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If you’re still living under the delusion that the TSA is just restricted to airports then think again. A joint VIPR “security exercise” involving military personnel has Transportation Security Administration workers covering 5,000 miles and three states, illustrating once again how the TSA is turning into a literal occupying army for domestic repression in America.

The TSA, in alliance with a whole host of federal, state, local agencies as well as military personnel, is currently conducting a massive “security exercise” throughout Ohio, Kentucky and West Virginia.

“The participating teams are composed of a variety of TSA assets including federal air marshals, canine teams, inspectors and bomb appraisal officers. They will be joined by state and local law enforcement officials to supplement existing resources, provide detection and response capabilities. The exercise will utilize multiple airborne assets, including Blackhawk helicopters and fixed wing aircraft as well as waterborne and surface teams,” reports the Marietta Times.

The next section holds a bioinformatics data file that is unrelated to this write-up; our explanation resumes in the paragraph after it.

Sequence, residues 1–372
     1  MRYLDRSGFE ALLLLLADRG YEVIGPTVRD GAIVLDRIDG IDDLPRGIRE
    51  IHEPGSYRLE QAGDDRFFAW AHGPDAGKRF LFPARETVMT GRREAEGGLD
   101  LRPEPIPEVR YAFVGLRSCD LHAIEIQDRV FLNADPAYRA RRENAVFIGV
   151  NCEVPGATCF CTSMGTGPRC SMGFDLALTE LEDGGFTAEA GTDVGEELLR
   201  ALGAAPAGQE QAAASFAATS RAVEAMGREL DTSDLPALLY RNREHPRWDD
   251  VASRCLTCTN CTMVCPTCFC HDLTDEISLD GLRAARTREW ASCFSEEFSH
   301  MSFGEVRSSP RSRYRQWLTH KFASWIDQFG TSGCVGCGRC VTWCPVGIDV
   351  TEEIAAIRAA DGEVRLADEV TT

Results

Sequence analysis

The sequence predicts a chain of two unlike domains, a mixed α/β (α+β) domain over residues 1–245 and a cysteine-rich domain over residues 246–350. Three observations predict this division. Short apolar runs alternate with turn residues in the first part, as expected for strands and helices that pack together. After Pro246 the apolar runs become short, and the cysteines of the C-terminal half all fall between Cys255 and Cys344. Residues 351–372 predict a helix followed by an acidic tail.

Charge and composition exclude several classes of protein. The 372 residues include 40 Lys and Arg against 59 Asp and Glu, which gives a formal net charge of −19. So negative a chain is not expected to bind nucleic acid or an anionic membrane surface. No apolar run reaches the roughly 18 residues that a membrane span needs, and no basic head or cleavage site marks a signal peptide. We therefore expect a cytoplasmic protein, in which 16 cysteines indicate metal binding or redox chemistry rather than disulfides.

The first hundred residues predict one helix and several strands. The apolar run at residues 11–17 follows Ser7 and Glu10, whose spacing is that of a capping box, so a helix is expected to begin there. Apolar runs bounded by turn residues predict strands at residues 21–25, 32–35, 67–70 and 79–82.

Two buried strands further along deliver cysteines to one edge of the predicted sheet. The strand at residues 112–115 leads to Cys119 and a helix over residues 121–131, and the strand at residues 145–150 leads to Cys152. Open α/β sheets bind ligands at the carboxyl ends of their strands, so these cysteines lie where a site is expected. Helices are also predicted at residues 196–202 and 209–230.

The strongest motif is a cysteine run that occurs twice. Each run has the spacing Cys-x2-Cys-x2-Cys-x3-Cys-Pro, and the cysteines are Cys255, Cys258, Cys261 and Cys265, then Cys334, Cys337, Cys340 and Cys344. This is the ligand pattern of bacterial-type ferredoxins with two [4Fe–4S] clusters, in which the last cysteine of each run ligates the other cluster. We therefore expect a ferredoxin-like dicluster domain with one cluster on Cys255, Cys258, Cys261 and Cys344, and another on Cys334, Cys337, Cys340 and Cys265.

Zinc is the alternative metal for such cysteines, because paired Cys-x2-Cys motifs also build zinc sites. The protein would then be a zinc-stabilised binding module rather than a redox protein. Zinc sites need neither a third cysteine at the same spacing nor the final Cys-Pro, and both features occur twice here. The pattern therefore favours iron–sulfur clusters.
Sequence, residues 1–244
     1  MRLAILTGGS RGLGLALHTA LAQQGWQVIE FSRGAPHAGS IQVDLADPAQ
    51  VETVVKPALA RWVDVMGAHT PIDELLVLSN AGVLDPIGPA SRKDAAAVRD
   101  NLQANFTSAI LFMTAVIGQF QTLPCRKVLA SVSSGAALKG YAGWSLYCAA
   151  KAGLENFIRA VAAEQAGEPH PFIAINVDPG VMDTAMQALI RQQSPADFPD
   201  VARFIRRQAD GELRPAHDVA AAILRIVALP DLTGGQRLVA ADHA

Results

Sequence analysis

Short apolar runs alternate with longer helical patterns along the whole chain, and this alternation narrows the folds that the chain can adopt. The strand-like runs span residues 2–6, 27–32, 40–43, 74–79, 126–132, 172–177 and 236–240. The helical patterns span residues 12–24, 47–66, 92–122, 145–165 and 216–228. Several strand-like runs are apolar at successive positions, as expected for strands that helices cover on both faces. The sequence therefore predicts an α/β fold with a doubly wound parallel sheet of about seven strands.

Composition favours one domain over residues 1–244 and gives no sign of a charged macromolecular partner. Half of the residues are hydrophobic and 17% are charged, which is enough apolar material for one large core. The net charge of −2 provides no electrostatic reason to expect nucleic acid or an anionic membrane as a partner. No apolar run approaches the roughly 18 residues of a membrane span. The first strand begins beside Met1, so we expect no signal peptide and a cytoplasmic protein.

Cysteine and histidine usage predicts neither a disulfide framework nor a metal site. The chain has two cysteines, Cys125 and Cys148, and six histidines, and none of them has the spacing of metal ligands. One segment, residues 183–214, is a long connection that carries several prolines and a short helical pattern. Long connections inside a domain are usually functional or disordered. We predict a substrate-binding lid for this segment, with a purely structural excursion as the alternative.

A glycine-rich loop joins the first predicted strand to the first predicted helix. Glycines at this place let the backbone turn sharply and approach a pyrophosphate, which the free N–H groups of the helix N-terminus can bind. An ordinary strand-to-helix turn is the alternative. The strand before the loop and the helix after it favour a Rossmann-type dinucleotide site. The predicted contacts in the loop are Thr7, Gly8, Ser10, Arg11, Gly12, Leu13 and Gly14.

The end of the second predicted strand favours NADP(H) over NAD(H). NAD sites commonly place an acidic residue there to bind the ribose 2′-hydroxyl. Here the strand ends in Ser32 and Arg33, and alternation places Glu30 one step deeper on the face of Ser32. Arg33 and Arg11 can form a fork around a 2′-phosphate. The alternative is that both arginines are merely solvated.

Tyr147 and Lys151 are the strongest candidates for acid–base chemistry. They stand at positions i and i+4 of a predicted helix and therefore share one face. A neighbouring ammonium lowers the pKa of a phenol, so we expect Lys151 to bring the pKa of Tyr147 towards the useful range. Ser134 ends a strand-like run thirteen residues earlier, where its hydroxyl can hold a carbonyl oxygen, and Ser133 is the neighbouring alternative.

Although the exercise is couched in serious rhetoric about preparedness, it relates to “no specific threat” and the details are nebulous to say the least and seems to revolve around little else than testing out high-tech surveillance equipment and reminding Americans who their bosses are.

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“In addition to using three helicopters for aerial inspection, the exercise made use of the Ohio Highway Patrol’s camera-equipped Cessna Caravan, which is capable of transmitting close-up, detailed real-time images of objects on the ground taken from more than five miles away,” reports the Charleston Gazette.